Risk in Buying Equipment Overseas

Updated: Oct 10

We have been on a spending spree in a concerted effort to secure all the components we need to progress Vanguard to completion. In the way of progress are the lingering effects of a global pandemic, a most unfortunate war in Europe, and the usual crisis when buying expensive equipment from other countries, sight unseen. So, without too much fanfare, here is the good, bad, and ugly.


Let us start with the good guys of the business. The companies tend to have a long-standing reputation in the marine world. Sales are their niche, their comfort zone. They live or die by it. Included in this category are:


  • Whale pumps for the bilges, grey and black water systems

  • Wills Ridley - steering gear

  • EscoPower and Twin Disc though the same sales and technical support agent in Turkey, Navantech. Great to deal with for gearboxes and hybrid drives.

  • Bosch but also other appliances.

  • Delta T, supplied ventilation fans and fire dampers.

  • Furuno & ICom, again through their Turkish agent, OMS Marine

  • DMS Magnusmaster - stabilizers (the Dutch are pretty used to export)

  • Victron and Battery supplier MG Systems

  • Maxwell and indeed all the rigging and handling suppliers

  • Bruntons for the self-tailing propellers and shafting (needed a few prompts, but they got there)

  • Hebbeke Shipyard - tender, very organized so far, at least.

  • Shox - Helm Chairs - easy, straightforward communication, and bang on time.

  • Grundfos pumps - all arrived on time.

  • Vetus - just like Whale, delivered as promised.

  • Webasto HVAC - the whole system was in their supply scope and is now ready for installation.

  • GEMS and Maretron for sensors and data gates.

  • Maus for fire extinguishers, Hella for Nav lights, and Kallenberg horns, all delivered as promised.



Who is struggling a bit? - we define this as taking the order, then delaying delivery. We hear many reasons, and sometimes delivery improves with some negotiation. Funny that, planning .... planning .... planning.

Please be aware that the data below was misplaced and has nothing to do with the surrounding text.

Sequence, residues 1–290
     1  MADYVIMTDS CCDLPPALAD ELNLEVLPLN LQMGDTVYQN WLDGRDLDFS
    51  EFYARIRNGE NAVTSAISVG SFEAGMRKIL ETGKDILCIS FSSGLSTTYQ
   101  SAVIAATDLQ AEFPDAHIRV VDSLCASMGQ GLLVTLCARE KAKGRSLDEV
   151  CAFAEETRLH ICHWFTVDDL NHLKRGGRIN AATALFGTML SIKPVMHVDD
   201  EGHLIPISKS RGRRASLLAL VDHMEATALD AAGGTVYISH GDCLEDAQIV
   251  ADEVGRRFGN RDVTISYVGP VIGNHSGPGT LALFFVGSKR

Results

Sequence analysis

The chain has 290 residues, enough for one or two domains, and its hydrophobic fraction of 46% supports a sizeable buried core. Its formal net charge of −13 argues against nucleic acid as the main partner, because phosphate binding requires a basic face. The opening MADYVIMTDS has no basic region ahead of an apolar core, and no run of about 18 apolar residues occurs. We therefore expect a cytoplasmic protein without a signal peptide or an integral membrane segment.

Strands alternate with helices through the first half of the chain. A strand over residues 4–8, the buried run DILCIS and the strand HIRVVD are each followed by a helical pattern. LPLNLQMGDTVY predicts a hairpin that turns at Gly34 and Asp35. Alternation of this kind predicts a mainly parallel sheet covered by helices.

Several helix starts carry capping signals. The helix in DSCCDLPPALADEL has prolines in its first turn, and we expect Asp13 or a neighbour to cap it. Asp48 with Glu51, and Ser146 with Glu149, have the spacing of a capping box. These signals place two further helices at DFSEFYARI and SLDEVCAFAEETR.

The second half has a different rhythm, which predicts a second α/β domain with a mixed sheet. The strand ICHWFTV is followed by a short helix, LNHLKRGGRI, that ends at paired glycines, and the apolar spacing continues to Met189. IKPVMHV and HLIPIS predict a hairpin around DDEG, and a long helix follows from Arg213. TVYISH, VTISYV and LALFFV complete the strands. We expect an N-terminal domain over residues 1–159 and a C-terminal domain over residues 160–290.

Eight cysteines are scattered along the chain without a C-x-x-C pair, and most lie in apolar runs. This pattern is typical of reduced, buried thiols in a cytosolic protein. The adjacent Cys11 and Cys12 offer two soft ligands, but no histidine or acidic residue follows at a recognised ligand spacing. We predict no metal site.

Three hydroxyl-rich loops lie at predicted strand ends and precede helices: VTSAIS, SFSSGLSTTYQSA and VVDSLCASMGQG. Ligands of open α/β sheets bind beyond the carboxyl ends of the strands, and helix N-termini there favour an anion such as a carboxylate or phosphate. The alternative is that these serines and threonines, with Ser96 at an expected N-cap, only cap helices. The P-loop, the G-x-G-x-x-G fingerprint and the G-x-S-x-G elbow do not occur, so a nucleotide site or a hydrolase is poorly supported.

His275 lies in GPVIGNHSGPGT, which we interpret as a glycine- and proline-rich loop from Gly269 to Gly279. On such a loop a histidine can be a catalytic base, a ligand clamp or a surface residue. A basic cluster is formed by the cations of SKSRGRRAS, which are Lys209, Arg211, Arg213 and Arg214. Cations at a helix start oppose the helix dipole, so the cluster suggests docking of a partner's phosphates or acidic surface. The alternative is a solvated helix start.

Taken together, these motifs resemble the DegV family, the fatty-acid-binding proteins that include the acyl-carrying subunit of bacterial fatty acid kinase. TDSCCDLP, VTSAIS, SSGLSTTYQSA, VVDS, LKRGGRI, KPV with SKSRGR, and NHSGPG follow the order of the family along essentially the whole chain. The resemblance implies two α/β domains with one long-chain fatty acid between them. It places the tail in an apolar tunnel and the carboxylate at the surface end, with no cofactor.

• John Deere - we needed to find an alternative option before the European supplier finally agreed they could meet our deadlines and ship the product after 12 months notice!

Rather than hating on other suppliers where we still hold out hope, let us stop here with the single supplier who has saved their reputation after some negotiation.


Now to the final category. The none performers. I'm a little peeved about this one.

  • Firefly - the Indian carbon battery supplier that took over production from Caterpillar in Illinois. It is out of business; word on the street is production problems killed them. Luckily this happened before we placed orders so we could shift philosophy to LiPO from MG Systems.

  • An Italian manufacturer of solar panels, Fly Solartech. They took the order and payment in April, then ghosted us over the summer. I suspect they are no longer in business, so we are seeking an alternative Italian source. We will kiss goodbye to some $6000 in this fiasco. It happens.

Any extended ramble is probably incomplete without some round-up to finalize. Let us ask what protections are available to the aspiring owner/builder? As an incomplete list:

  • Turkish Yards provide ownership of the hull and all attached fittings from the day of construction. The yacht always remains the owner's property.

  • Many credit cards (certainly AMEX) provide cash returns in case of a dispute. This facility is time limited and not infallible, but we have used it in the past.

  • Some web payment systems (think Alibaba or Paypal) provide purchase insurance, which has its uses.

  • For the colossal stuff, there is LoC (Letter of Credit) and similar though these are both awkward and expensive to set up.

  • Then finally, there is a personal pain threshold; we just reached that in our case.

Chris Leigh-Jones

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